My Thoughts:
I am a huge fan of the Star Wars movies. Except for The Phantom Menace. We shall not speak of The Phantom Menace. I actually don’t read that much science fiction. I heard about this book earlier this year and the premise interested me enough to get on the waiting list at the library.

The fact that it focused on Leia was a major reason I wanted to read it. I also liked that it was set in the time period between The Return of the Jedi and The Force Awakens.

This story takes place about six years before the events of The Force Awakens. Leia is a bit disillusioned about the government of the New Republic and her role in it. Ready for a break she becomes involved in an investigation of some suspicious gangsters. At the same time she’s recruited to run for the new office of First Senator.

I enjoyed this book a lot. It was fun to see familiar characters and to get to know some new ones. The story is about the beginning of the troubles in the New Republic and the early beginnings of the First Order which will grow into the enemy in The Force Awakens.

3.5 stars Rating 3.5/5

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The Green Mill Murder by Kerry Greenwood – Audio Edition

Posted by on Sep 23, 2016 in 2016, 3.5 stars, Audio, Book Review, Kerry Greenwood | 2 comments

The Green Mill Murder by Kerry Greenwood narrated by Stephanie Daniel
The Green Mill Murder by Kerry Greenwood, Narrated by Stephanie Daniel

Genre: Crime Fiction
Series: #5 in the Phryne Fisher series
Publisher: Bolinda Audio
Publication Date: 1993 for the book, 2010 for this audio edition
Length: 6 hours, 19 minutes
Read by: Stephanie Daniel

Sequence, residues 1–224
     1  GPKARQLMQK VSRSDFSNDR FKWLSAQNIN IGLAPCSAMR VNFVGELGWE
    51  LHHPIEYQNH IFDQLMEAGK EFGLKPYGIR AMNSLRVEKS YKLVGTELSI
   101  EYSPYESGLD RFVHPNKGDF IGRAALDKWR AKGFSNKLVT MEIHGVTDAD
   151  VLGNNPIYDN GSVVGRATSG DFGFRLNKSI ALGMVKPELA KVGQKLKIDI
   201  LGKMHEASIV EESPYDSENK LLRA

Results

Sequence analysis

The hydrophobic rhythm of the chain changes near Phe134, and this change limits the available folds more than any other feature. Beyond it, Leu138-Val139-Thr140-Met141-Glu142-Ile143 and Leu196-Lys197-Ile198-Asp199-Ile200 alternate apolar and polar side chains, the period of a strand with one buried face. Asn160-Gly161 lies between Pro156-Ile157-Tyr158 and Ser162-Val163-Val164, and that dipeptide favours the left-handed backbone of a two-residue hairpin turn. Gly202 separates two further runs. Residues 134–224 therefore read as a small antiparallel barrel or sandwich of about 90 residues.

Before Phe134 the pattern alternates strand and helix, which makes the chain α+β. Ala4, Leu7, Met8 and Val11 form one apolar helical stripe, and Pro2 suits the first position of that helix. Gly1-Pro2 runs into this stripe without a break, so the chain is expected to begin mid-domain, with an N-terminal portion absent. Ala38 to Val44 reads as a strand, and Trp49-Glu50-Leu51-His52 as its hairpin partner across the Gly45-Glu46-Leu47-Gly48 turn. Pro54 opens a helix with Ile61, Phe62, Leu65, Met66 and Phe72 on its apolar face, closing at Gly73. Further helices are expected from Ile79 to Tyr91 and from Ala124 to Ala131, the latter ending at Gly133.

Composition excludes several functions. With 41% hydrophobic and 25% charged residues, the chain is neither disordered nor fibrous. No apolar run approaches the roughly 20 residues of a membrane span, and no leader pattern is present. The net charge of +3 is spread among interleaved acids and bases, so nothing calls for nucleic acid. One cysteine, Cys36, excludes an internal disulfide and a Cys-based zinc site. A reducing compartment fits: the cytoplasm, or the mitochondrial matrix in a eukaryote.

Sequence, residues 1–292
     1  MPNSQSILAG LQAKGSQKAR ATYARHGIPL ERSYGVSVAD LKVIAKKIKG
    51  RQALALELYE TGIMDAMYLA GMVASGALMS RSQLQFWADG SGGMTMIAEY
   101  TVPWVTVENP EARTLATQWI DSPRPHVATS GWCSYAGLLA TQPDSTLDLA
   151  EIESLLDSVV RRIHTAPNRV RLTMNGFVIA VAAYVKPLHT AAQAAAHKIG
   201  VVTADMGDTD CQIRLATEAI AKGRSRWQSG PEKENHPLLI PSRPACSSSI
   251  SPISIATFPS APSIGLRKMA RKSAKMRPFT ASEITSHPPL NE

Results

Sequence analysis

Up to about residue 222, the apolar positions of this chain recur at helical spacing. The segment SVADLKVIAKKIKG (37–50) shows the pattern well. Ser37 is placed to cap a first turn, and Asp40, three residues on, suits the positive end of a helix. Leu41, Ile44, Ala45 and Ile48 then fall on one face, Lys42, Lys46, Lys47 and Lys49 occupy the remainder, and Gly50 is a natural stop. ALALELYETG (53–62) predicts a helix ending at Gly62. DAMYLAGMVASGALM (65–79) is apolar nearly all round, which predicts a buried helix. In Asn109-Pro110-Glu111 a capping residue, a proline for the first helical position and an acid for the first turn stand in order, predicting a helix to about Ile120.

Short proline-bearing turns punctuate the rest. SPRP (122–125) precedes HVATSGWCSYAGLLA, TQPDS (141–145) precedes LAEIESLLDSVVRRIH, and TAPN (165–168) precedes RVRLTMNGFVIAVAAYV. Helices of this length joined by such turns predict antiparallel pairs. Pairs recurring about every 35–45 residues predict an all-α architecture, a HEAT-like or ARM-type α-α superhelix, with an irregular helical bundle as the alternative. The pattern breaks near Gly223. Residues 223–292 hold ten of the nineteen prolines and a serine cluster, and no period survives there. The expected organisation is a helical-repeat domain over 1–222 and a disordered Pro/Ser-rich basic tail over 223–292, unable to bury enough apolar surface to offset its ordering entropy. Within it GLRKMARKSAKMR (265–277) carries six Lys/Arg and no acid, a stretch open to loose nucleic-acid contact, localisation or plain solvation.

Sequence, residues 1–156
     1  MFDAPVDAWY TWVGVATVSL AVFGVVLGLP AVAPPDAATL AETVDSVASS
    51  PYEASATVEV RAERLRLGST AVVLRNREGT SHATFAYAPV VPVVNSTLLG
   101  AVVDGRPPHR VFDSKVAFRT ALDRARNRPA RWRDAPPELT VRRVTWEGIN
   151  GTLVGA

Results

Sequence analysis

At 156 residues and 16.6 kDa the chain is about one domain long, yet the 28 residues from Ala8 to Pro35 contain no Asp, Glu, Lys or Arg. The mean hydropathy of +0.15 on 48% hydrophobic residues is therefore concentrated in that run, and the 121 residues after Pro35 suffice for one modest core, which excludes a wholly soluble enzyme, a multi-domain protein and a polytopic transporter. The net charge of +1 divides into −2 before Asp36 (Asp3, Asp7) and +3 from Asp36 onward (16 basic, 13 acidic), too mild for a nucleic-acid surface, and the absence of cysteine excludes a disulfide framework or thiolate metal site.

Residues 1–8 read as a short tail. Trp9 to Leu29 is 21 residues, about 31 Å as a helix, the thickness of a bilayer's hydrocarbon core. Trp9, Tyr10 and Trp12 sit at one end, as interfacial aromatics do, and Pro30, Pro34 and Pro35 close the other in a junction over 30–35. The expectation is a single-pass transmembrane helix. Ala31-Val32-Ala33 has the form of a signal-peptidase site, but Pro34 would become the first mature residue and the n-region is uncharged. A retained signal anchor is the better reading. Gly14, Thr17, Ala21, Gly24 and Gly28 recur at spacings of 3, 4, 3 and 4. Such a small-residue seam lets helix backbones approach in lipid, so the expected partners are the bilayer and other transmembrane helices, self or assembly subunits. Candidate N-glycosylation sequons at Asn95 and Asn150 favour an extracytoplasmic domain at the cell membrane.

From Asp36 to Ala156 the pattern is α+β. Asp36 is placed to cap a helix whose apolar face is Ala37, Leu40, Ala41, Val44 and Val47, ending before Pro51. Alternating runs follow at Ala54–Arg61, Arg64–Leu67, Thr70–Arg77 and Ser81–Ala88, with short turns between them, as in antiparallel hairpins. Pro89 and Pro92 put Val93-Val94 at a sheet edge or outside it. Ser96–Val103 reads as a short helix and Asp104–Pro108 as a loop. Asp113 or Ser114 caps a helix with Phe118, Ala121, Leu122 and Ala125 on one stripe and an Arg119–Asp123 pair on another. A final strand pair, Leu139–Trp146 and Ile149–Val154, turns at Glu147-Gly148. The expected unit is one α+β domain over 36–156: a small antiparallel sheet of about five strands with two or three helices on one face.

Source: Purchased

The Book:
From the publisher:

Phryne Fisher is doing one of her favorite things -dancing at the Green Mill (Melbourne’s premier dance hall) to the music of Tintagel Stone’s Jazzmakers, the band who taught St Vitus how to dance. And she’s wearing a sparkling lobelia-coloured georgette dress. Nothing can flap the unflappable Phryne – especially on a dance floor with so many delectable partners. Nothing except death, that is. The dance competition is trailing into its last hours when suddenly, in the middle of “Bye Bye Blackbird” a figure slumps to the ground. No shot was heard. Phryne, conscious of how narrowly the missile missed her own bare shoulder, back, and dress, investigates. This leads her into the dark smoky jazz clubs of Fitzroy, into the arms of eloquent strangers, and finally into the sky, as she follows a complicated family tragedy of the great War and the damaged men who came back from ANZAC cove. Phryne flies her Gypsy Moth Rigel into the Australian Alps, where she meets a hermit with a dog called Lucky and a wombat living under his bunk….and risks her life on the love between brothers.

My Thoughts:
Phryne Fisher is quite unconventional for a private investigator in 1920’s Australia and she’s just a whole lot of fun. She’s wealthy enough to not care what people think of her and to be particular about the cases she takes.

This one was fun. It begins with a dance marathon that ends in a murder. Phryne is soon on a double missing persons case. One of the men was her partner at the dance club and the other is his long missing brother.

I was glad to have Phryne need to do some flying again. Her solo flight to the Australian Alps was a great part of the book. The murder mystery is more of a side story because the majority of the book involves her search for a shell shocked former soldier who does not want to be found.

The books are fairly short and they are fun break between longer or heavier books. Australia in the 1920’s is an interesting time and place.

I really enjoy Stephanie Daniel’s narration. She’s easy to listen to and her voice characterizations are distinct and consistent. She’s even called upon to do some singing in this book.

One of these days I’m going to watch the television series.

Rating
3.5 stars 3.5/5 for the book

3.5 stars 3.5/5 for the narration